But beyond our research, I think my wife can attest to the success of BIXI. We spend a lot of time walking around our neighborhood and because I’m pretty into bikes and even more into BIXI I say BIXI aloud whenever someone rides by on one. This was not much of a problem in May 2009 at the beginning of the program, but by the time June 2009 rolled around and to this day I say BIXI every 2 seconds. Well, I don’t say it aloud anymore because I was told that I would have to stop because she could not get a word in and I was getting strange looks from people. It is interesting to note, and this is not in any way a plug for the newly released smurfs film, that in a few short years the word BIXI has become not only a proper noun describing both the system and the bikes but also a verb. It’s not uncommon to hear someone say they BIXIed to work. Much like it is not uncommon to hear smurfed in the old cartoons.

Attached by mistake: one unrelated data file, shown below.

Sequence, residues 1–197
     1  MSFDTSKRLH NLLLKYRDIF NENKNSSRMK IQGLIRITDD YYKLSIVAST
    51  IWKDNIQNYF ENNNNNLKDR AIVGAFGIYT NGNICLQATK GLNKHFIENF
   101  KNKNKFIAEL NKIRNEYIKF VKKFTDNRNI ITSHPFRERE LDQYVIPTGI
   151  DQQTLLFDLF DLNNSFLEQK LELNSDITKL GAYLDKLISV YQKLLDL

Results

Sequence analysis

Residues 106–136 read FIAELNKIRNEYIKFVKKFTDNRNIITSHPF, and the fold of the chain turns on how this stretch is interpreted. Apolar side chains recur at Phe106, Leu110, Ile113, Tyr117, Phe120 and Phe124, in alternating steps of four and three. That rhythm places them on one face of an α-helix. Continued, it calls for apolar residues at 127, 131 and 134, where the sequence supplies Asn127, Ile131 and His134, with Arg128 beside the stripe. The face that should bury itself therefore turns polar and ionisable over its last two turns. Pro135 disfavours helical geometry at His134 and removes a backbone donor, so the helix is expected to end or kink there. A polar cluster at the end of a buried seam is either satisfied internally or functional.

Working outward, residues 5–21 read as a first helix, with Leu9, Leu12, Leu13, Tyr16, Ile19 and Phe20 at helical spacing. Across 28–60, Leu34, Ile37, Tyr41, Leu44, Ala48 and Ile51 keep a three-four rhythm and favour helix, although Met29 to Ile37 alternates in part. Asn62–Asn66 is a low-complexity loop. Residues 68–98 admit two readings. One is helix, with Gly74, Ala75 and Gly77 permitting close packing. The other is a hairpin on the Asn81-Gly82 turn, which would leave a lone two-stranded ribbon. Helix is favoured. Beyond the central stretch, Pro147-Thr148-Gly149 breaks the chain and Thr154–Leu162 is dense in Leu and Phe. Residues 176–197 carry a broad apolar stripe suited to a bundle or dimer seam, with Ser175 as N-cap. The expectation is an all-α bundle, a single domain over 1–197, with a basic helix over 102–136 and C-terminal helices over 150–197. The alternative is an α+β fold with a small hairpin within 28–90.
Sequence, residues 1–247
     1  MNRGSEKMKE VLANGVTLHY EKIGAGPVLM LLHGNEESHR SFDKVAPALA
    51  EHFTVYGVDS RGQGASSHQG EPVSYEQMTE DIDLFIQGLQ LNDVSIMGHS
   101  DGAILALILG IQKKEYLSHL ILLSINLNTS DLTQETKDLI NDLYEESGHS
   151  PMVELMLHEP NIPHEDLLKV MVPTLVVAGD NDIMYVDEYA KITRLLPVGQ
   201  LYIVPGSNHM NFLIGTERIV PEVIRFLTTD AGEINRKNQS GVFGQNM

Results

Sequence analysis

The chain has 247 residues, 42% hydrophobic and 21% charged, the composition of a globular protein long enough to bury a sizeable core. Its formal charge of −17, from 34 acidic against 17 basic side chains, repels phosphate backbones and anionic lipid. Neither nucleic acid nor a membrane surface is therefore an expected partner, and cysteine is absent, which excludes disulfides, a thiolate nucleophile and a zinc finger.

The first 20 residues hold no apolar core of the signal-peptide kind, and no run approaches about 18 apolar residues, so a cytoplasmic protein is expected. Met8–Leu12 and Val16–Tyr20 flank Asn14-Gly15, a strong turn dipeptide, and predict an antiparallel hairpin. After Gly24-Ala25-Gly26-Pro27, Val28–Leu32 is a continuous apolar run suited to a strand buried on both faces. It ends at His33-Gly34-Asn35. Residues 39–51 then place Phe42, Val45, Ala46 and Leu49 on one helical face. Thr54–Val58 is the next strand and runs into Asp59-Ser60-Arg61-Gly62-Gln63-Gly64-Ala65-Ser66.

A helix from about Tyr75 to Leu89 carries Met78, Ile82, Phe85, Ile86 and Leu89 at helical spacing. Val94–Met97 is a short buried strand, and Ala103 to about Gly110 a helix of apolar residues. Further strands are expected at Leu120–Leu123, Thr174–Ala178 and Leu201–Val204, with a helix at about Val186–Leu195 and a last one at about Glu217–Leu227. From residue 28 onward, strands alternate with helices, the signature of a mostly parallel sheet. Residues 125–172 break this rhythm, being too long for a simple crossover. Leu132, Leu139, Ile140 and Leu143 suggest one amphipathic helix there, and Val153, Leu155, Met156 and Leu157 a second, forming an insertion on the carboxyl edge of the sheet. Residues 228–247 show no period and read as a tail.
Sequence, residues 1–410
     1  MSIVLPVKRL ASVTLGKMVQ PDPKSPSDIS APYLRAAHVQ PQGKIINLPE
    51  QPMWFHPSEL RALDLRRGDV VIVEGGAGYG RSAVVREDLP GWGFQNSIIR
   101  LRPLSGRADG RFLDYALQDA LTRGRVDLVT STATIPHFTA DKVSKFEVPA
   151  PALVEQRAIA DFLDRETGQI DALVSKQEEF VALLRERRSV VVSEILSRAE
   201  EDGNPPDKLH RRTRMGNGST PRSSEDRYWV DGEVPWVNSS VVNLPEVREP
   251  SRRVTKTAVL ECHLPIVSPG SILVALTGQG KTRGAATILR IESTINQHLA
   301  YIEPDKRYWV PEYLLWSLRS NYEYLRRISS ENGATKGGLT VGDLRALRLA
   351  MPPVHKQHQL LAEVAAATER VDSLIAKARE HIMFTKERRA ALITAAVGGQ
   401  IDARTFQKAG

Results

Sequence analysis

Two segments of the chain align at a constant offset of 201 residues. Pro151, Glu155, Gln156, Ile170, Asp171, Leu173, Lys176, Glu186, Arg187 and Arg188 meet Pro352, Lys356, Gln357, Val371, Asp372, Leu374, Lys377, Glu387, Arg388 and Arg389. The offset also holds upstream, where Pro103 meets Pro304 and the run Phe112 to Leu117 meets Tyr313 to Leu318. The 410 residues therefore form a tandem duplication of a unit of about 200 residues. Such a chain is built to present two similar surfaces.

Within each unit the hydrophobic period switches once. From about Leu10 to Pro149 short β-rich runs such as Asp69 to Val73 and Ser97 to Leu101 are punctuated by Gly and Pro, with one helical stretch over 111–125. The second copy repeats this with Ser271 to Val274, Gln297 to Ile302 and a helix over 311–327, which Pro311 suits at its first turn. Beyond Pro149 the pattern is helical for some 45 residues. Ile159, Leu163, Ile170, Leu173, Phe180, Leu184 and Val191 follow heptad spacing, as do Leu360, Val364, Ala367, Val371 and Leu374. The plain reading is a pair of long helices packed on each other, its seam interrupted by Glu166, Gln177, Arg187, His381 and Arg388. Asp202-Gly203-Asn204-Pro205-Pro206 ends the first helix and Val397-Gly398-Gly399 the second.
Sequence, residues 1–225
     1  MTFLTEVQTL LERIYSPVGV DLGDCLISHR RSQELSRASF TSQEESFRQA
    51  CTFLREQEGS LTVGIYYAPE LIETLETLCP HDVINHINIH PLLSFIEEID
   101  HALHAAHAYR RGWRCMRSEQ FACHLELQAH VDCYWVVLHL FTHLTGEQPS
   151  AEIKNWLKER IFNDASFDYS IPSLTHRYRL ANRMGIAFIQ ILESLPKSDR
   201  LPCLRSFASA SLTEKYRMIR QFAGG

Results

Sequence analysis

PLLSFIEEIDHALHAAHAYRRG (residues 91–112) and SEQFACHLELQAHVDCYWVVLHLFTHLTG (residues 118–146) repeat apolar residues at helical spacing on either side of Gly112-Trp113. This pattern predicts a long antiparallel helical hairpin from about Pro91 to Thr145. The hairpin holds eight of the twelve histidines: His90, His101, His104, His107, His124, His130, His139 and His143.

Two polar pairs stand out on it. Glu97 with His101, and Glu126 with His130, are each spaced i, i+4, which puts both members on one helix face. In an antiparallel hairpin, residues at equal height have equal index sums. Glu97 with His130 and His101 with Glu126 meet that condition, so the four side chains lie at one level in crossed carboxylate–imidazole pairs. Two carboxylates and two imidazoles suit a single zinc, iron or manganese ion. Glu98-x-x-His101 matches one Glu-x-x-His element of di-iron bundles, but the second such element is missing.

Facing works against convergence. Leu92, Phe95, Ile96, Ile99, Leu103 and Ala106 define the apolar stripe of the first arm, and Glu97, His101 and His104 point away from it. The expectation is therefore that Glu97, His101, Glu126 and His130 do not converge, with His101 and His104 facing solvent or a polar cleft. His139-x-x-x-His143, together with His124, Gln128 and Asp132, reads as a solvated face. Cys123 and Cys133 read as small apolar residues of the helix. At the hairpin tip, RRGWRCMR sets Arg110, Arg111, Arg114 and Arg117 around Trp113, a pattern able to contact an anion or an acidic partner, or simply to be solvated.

So those are some reflections and research findings related to the BIXI program in Montreal. Will public bicycle share programs change the word? I’m not sure, maybe, but if you have a bike share in your city and for the rest of your time Montreal, I want you to try and observe the little things going on around you. Challenge yourself to see the city from a new perspective and attempt to understand how small things, like a woman cycling, can make big changes. How many BIXI’s went by in the video?
By my count there was 66 BIXIs.
I do have one complaint though. This is second conference I have been to where there have been corporate sales pitches ‘disguised’ as presentations by academics or community organizations. In my opinion this is not ok. Many corporations sponsored the conference. I thank them for that and these companies were able to get visibility at the exhibitors hall and throughout the conference program. These companies do not need and should not get presentation time during conference sessions.